Cabbie Who Killed Eric Kerestes Seriously Injured Man in 1998, Still Driving
Not long after taxi driver John Kesse killed Eric Kerestes last summer, another of Kesse’s victims contacted me. On August 14 the cabbie was speeding down Milwaukee Avenue at 6 a.m. when he blew through the Milwaukee/Chicago/Ogden intersection, jumped a curb and struck Kerestes, who was walking to the Blue Line’s Chicago station. The pedestrian was thrown 200 feet; he died at the scene.
Kesse, who claims his vehicle sped up on its own accord and the brakes failed, was charged with reckless homicide along with multiple traffic violations. Bail was set at $200,000, and members of a church he helped found raised the $20,000 bond required to keep him out of prison. Kerestes’ widow Tatijana Stafets Kerestes has filed a wrongful death lawsuit against the driver, Checker Cab and the city of Chicago.
We published a post about the crash on our old site Grid Chicago on August 15. The next day Noel Thomas emailed to say that he was seriously injured while driving in 1998 when Kesse ran a stoplight at Inner Lake Shore Drive and Chicago Avenue. Thomas suffered a shattered femur and a broken hip and spent six months in a wheelchair. He said he suffered major emotional trauma and lost his job as a sales executive due to his inability to work. He filed a personal injury lawsuit against Yellow Cab, Kesse’s employer at the time, and settled the case four years later.
Lake Shore Drive at Chicago Avenue.
Thomas told me he was unwilling to go on record discussing the case or tell me how much money he got from the settlement due to fear of legal retribution, but his attorney provided me with the case number. I spent an hour at the Daley Center pouring over the Cook County circuit court records of the lawsuit but was unable to find a mention of a settlement.
However, while searching for updates on Kesse’s current legal status, I recently came across an October 14 Chicago Tribune article about Thomas’ crash – apparently he changed his mind about going public with his story. The Tribune piece mentioned that Yellow Cab paid the plaintiff a $400,000 settlement but did not admit liability. Kesse did not lose his cab license after the 1998 crash because he was not ticketed, the Trib reported, adding that it’s likely there were conflicting reports at the crash scene over who was at fault. Years later, during the civil case, witnesses agreed Kesse was to blame.
“In 1998 no citations were issued, the secretary of state considered [Kesse] in good standing as a driver, and the city did not have information on the civil suit,” Jen Lipford, spokeswoman for the Department of Business Affairs and Consumer Protection, told me.
“But, today we would have been informed of the [crash] because we get a bi-weekly report from the police department regarding any [crashes] involving taxis. Today when we look at a driver’s record we are considering many sources of data, including [crashes], traffic violations, red light tickets and consumer complaints, to determine if a driver should stay on the road.”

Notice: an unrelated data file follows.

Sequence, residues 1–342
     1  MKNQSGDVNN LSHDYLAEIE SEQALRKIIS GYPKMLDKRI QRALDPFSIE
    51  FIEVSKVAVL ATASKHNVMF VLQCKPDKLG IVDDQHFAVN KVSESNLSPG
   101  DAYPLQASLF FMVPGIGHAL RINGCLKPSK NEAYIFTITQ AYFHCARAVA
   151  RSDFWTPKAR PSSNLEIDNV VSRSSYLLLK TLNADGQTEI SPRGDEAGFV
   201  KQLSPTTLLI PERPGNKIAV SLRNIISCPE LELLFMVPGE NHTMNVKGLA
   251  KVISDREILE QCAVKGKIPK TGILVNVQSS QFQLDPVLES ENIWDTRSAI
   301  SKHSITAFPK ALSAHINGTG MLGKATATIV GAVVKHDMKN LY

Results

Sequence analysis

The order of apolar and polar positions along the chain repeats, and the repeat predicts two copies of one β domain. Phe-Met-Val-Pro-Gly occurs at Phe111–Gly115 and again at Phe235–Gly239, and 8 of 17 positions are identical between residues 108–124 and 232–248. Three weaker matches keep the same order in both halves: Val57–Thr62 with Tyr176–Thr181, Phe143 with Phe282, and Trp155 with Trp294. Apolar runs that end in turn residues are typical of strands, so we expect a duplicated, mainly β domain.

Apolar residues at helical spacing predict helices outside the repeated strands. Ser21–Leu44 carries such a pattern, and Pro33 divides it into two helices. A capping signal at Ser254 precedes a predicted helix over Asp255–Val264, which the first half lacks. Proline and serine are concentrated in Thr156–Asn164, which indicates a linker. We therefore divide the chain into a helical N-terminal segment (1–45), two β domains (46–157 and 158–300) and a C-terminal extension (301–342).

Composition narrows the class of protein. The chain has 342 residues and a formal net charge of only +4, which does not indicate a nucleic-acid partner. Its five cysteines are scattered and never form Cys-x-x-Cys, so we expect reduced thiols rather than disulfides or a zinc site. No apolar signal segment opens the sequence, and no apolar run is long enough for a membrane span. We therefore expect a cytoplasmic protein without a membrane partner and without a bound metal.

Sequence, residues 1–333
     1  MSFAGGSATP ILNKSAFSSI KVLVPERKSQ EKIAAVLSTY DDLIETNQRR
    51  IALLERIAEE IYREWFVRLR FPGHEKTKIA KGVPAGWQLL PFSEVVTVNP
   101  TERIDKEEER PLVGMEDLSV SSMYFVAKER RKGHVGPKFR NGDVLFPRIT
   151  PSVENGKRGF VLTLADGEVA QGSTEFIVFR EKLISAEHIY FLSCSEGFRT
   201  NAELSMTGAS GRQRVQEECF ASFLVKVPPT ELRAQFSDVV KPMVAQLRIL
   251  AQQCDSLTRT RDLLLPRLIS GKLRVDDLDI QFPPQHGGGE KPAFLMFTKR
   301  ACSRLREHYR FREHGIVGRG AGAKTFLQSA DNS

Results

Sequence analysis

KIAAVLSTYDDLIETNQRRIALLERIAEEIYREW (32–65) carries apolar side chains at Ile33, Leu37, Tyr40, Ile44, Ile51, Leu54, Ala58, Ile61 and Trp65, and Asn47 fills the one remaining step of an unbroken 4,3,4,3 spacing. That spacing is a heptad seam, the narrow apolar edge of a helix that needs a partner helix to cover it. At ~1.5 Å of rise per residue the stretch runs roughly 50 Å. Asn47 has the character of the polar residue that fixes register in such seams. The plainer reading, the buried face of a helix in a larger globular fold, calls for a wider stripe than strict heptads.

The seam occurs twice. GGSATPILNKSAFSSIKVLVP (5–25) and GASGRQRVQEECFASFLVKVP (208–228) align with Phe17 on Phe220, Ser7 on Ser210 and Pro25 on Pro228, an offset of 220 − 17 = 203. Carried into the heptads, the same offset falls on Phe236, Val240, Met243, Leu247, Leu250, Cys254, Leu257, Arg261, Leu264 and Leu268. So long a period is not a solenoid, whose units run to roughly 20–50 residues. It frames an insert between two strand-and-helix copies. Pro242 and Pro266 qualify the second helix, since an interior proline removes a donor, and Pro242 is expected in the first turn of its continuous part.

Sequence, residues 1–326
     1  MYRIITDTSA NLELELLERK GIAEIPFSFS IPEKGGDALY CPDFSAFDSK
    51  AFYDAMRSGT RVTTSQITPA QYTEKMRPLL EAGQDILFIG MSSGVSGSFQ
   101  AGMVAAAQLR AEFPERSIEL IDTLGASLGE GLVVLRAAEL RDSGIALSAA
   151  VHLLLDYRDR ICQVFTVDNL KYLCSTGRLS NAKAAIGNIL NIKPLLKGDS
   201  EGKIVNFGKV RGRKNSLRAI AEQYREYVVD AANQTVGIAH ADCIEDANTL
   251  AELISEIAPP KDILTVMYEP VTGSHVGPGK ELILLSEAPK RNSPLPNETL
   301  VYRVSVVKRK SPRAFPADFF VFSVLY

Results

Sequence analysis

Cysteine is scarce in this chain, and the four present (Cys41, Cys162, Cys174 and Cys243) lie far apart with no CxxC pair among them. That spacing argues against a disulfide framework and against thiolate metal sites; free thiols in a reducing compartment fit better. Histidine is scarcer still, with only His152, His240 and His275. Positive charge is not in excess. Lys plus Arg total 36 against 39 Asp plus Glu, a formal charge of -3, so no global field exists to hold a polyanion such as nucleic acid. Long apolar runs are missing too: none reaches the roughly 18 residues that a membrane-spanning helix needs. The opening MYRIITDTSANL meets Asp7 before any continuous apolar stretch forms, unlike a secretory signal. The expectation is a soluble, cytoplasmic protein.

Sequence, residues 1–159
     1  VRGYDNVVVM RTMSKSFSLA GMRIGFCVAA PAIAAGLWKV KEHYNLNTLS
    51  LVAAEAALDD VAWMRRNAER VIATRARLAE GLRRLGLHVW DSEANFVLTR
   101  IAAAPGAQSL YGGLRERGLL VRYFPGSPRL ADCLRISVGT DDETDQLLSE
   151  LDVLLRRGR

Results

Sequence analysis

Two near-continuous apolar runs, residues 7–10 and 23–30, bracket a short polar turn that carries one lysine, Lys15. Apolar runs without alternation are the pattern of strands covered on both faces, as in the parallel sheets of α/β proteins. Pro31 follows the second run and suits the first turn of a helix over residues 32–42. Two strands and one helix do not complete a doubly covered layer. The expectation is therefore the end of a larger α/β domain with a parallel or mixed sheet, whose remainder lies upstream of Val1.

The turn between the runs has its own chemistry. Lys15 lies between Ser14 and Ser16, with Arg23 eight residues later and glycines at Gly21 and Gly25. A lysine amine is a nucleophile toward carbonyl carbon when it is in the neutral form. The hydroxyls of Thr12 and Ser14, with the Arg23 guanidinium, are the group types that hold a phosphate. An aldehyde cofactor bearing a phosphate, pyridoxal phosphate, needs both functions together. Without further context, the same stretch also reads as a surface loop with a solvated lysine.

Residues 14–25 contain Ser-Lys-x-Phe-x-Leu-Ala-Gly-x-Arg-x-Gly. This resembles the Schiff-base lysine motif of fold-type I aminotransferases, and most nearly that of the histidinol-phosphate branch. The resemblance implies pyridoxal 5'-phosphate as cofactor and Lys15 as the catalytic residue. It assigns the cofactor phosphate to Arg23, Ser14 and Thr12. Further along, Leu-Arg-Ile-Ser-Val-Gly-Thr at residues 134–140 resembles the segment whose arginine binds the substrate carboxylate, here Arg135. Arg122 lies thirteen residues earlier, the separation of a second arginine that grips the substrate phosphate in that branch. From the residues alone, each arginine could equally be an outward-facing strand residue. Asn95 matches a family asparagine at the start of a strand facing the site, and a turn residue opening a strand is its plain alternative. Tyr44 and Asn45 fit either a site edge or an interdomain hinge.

Lipford said Kesse voluntarily surrendered his cab driver’s license after he killed Kerestes, but added that BACP would have suspended his cab license anyway due to the felony charge of reckless homicide. However, Kesse’s regular driver’s license has not been suspended, according to David Drucker, spokesman for the Illinois Secretary of State’s office. “He is still able to drive,” Drucker said. “The secretary of state doesn’t have the power to impact the driver’s license unless there’s a resolution to a ticket.”
Kesse, who has worked as a taxi driver since 1987, has racked up 33 tickets for moving violations, most of which were dismissed or pleaded down to supervision. His most recent conviction for a traffic charge was for a 1998 speeding ticket, unrelated to his crash with Thomas. The Tribune piece mentions that the cabbie has declared bankruptcy three times in the last five years and has amassed $10,000 in unpaid Chicago parking tickets; he’s currently on a three-year payment plan.
Kesse’s defense lawyer Bruce Raffalson has said his client has no criminal record, but according to an April 5 NBC report, the cab driver has been named as a defendant in a total of six personal injury cases, including the lawsuits from Thomas and Kerestes’ widow. Two of the other suits were likely filed by Kesse’s passengers who were injured in the 1998 and 2012 crashes; it’s not clear who the remaining two plaintiffs are. Kesse is due back in court next week, according to Raffalson, who declined to talk about the details of his defense strategy.
Unfortunately, it seems unlikely that Thomas’ ordeal will be used as evidence against Kesse in the criminal case. “The law tries to keep prior acts from coming in as much as possible,” Howard Weisman, a former Cook County state’s attorney who now works as a defense lawyer, told me. “We want to judge the defendant on his current case, not because we think he’s a bad guy.” He added that prior legal issues are usually only considered in court if they are felonies that occurred during the last decade. “I would say almost certainly that the 1998 crash won’t be a factor.”